UPDATE: It took until after my third cup of coffee to realize that exothermic hypervelocity kinetic kill vehicles should be thought of, and eventually given the official name, “Wild Weasels from Outer Space!”
Which would also make an excellent name for a totally ironic New Wave revival band.
Best estimate is “lots.” Read:
Expectations for the iPhone on Wall Street are high, as hardly a day goes by without another sign that Tim Cook made the right call when he decided to go after the oversized phone market that Samsung once owned.
On Wednesday, for example, Counterpoint Research reported that Apple’s market share in November grew to 12% in China, 51% in Japan and 33% in Korea — Samsung’s home turf.
“No foreign brand has gone beyond the 20% market share mark in the history of Korea’s smartphone industry,” said Counterpoint’s Tom Kang in the company blog.
So it really is true that everybody loves the big phones other than me. But not once when I was slipping my phone into my pocket did I think, “You know what? This could be bigger, maybe even lots bigger.” And don’t get me started on phablets, which seem like either buying a Subaru Brat when you need a full-size pickup truck, or like strapping a grandfather clock on your wrist to tell the time.
What’s the appeal of these beasts?
Colorado voters spoke, but our governor wishes he didn’t have to listen:
“If I could’ve waved a wand the day after the election, I would’ve reversed the election and said, ‘This was a bad idea,’ ” Hickenlooper said Friday on CNBC’s “Squawk Box.”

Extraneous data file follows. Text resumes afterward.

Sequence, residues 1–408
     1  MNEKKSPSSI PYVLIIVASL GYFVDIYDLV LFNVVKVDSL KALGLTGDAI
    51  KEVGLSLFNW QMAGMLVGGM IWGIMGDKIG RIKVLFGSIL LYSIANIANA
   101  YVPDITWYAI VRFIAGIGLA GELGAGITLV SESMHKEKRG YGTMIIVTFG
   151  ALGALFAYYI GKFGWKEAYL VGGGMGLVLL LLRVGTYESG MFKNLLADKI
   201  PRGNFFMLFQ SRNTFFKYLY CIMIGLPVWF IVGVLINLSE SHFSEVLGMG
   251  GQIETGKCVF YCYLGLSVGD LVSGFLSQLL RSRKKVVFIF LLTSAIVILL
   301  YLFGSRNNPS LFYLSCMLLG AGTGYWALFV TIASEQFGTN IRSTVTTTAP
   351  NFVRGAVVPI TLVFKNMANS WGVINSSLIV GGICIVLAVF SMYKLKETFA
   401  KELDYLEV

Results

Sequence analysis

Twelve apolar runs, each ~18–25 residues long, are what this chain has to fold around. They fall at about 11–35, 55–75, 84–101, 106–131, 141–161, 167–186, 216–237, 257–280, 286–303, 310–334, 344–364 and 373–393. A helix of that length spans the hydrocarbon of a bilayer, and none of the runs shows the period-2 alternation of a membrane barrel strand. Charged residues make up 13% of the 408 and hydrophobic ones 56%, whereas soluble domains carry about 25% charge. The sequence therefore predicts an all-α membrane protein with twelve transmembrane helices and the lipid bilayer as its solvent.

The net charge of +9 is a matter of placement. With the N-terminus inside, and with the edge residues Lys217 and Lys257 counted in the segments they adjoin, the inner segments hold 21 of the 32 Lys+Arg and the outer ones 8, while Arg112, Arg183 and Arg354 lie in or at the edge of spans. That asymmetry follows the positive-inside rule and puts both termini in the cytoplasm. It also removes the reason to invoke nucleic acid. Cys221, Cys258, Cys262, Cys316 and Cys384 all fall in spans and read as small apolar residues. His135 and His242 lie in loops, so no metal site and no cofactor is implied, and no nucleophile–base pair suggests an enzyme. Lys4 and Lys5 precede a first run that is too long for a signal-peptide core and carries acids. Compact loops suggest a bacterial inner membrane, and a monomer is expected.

“You don’t want to be the first person to do something like this,” he said.
He said that he tells other governors to “wait a couple of years” before legalizing marijuana as Colorado continues to navigate an unknown, nonexisting federal regulatory landscape for the industry.
“There’s a whole regulatory environment … that really regulates alcohol,” he said. “We’re starting from scratch, and we don’t have a federal partner because [marijuana] is still illegal federally.”
We’re supposed to be a laboratory of democracy, Mr. Governor, and not a mere satrap of Washington. I’d apologize for the inconvenience, but why don’t you try earning your paycheck instead?
George Lucas told Cinema Blend in an interview posted yesterday that when he sold Lucasfilm to Disney in 2012, along with the company came some of his ideas for a new Star Wars trilogy. But it sounds like none of them will be part of the new Star Wars universe of movies that Disney will roll out beginning with the seventh installment, the JJ Abrams-directed Star Wars: The Force Awakens, which is set to hit theaters December 18.